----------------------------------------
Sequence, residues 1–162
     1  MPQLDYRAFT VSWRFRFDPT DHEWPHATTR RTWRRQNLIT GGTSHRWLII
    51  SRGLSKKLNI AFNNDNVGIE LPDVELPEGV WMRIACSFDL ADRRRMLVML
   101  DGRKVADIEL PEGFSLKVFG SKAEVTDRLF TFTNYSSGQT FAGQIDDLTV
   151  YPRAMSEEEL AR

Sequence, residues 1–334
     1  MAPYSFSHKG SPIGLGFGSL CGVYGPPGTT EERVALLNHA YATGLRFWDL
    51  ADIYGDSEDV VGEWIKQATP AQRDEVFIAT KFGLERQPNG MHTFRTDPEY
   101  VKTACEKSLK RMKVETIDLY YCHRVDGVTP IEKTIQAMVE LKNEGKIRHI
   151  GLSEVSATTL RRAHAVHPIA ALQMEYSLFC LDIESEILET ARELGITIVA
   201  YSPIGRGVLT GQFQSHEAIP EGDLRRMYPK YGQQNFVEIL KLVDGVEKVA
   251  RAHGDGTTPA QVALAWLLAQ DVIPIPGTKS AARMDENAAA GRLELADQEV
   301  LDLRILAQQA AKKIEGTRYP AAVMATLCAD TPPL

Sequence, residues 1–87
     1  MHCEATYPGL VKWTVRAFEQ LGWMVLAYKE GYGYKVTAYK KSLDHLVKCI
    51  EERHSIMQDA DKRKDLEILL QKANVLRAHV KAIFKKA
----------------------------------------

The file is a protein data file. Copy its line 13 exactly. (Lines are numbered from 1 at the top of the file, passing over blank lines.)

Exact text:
   301  LDLRILAQQA AKKIEGTRYP AAVMATLCAD TPPL